Women on the run or biking or skating should exercise caution against attackers

Credit: Gray Mortimore/Allsport
A Bay Area woman disappeared recently while on a bike ride. In June in suburban Sacramento, a woman was sexually assaulted after a man stopped her on a bike trail near Lake Natoma.

Both cases remain unsolved.

Almost every time a woman goes out alone for recreation or exercise to ride, to run, to skate, to hike she is forced to think about her personal safety.

"You're constantly aware of what's going on around you. You have to be aware," said LeAnn Nienow, who runs and rides a bike along the American River Parkway.

She is a triathlete and strong enough to have just completed a half-Ironman event, but cautious enough to do most of her training with a group.

"Five days a week, we are out there either running or biking," she said.

The women go in numbers. In part, it's because working out is easier with a buddy, Nienow said, but mostly it's for safety.

Local athletes and recreationists say going with a friend is just one way to stay safe.

They also point out that, while it's important to be conscious of potential attacks, it's also important not to be paralyzed by fear or to exaggerate risks.

The county Department of Parks, Recreation and Open Space reports one assault and one incident of indecent exposure so far this year in the parkway.

By contrast, there were five robberies, six assaults, five assaults with a deadly weapon and six indecent exposures in 2000.

The risks are real for women, though, wherever they go. Henley Gabeau knows this all too well.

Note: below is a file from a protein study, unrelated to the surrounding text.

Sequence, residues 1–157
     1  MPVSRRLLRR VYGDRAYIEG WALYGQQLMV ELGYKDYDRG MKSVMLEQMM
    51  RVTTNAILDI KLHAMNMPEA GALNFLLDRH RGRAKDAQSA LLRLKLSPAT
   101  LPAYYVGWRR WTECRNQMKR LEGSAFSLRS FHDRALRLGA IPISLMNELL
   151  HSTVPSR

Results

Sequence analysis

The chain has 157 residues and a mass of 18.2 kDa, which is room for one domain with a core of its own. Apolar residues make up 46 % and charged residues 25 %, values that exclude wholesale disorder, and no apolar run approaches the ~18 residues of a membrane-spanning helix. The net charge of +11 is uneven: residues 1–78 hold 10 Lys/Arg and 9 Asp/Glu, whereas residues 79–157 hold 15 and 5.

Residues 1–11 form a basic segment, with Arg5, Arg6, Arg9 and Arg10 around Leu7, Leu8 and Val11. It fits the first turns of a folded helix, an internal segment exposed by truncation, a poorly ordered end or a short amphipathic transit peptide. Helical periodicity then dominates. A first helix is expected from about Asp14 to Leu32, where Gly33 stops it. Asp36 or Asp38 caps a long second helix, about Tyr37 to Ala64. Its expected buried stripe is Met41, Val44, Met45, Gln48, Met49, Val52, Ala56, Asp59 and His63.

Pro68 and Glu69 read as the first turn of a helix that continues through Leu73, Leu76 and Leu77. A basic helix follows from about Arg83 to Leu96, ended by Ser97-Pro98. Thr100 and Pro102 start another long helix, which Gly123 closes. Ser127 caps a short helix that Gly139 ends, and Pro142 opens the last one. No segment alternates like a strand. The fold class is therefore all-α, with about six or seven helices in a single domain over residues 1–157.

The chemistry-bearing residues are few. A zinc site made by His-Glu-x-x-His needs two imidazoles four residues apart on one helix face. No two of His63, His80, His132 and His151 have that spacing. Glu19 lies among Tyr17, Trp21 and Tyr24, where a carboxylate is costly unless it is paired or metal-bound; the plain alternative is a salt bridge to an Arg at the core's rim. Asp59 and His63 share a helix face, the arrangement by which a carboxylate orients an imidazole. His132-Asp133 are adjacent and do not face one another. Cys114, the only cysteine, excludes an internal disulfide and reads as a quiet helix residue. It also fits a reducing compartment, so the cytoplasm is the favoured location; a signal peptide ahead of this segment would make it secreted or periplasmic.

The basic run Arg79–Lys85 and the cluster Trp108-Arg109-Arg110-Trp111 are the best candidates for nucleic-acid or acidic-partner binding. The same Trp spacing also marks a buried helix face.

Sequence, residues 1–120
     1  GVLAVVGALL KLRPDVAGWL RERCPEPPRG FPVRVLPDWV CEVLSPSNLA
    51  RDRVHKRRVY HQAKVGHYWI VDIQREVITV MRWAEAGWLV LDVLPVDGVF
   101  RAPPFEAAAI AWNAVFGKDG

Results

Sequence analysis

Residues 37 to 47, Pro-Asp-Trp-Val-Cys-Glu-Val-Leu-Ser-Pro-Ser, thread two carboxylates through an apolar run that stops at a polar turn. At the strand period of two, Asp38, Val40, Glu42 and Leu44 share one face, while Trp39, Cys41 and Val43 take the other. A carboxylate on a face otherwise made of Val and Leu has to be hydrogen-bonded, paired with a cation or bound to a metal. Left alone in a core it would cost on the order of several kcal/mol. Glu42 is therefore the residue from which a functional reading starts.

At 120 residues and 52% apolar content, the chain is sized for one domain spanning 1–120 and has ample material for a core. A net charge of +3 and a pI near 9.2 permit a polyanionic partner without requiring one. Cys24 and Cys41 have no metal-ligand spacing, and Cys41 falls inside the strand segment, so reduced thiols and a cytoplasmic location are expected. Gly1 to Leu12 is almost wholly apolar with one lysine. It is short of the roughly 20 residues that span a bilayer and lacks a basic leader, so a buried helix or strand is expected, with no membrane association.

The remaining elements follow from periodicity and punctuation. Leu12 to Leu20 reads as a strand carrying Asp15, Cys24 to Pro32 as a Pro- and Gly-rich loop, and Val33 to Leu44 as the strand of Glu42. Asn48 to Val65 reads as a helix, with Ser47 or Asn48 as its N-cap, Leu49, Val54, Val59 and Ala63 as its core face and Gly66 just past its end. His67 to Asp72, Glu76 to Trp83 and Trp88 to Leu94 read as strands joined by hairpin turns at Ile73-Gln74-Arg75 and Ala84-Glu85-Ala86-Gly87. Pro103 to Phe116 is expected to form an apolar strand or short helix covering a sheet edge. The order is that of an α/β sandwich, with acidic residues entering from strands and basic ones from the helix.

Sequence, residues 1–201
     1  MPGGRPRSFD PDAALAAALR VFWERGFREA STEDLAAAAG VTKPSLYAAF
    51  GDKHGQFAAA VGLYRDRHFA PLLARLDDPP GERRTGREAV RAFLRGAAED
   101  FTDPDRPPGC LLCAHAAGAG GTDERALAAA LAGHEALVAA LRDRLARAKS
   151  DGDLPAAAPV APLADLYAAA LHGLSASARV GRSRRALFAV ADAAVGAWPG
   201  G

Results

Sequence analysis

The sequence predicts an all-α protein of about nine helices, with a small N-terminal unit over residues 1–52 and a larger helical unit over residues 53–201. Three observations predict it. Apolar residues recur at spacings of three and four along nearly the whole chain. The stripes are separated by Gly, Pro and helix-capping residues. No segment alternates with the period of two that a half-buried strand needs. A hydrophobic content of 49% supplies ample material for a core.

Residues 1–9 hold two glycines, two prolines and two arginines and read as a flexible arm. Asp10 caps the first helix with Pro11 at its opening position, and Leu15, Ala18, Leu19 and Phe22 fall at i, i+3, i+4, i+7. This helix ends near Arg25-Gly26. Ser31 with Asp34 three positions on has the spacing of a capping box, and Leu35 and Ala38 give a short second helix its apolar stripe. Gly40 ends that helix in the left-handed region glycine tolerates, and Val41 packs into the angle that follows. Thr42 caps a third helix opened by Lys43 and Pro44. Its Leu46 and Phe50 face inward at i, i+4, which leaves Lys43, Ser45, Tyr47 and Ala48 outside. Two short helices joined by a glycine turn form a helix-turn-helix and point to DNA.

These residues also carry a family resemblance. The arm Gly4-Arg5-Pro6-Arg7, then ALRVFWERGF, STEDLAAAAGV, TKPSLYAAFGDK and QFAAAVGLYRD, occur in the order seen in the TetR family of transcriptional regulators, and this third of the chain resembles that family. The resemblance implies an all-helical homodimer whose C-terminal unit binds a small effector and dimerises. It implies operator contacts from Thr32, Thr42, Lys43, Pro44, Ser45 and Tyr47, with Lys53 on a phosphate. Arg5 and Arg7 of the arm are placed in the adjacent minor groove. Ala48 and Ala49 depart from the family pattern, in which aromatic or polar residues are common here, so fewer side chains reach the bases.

Gabeau, executive director of the Road Runners Club of America in Virginia, was attacked 20 years ago while on her regular run.

"I was running in not a very smart fashion," she said.

By having an extremely regular route and time, she became vulnerable to an attacker who knew just when she would be alone.

She later learned the attacker was known to police, but they had not alerted running-trail users.

As a result of Gabeau's experience, the national club now has a set of women's running safety tips (available at www.rrca.org/ women/) and a safety video and seminar.

Though the tips are aimed at runners, they apply to and are followed by other outdoorswomen.

One recommendation is to trust your intuition in questionable situations.

That's something Gail Bailey does when she's out riding her bike and sees a suspicious group ahead near the bike trail.

"I send up a red flag," said Bailey, a former fund-raiser at WEAVE, Women Escaping a Violent Environment. "I either turn around and go the other way or I put it up in a big gear and fly by."

Among the other safety tips: Don't wear headphones; take a cell phone; avoid unlighted areas; tell someone where you're going; and pay attention to what's around you.

"I try not to go out by myself," said Eve Blumenfeld, president of the Ophir Milan women's cycling group. "If I go out by myself, I always tell somebody ... I make sure I'm off the bike trail by dusk."

Sacramento inline skater Natalie Chernich repeatedly glances ahead and behind as she skates in the parkway and she avoids night and less busy times of day.

"I generally wait until the next morning, because I'd rather not go alone," she said.

Safety awareness is "as inherent or as basic as just breathing," Bailey said.

Still, it is frustrating to many athletes who would rather be focusing on their sport.

"It's unfortunate to me that there's always that safety issue," said Cynthia Young, a Rocklin triathlete.

She likes the almost other-worldly focus of being in tune with her breathing, her footfalls and how her body feels. "There's a definite pleasure to being in that zone," Young said. "When you have to constantly be aware of someone lurking in the bushes ... it distracts from all that."

Although women must be aware, Bailey, formerly of WEAVE, points out that sexual assaults by strangers are relatively rare.

When they happen, though, they create a buzz and can scare women off the roads and trails, out of parks and into health clubs.

For cyclists, Blumenfeld said, the real danger may be the risk of being hit by autos on the road.

"I'm definitely more afraid of cars than (attackers) on the bike trail," she said.

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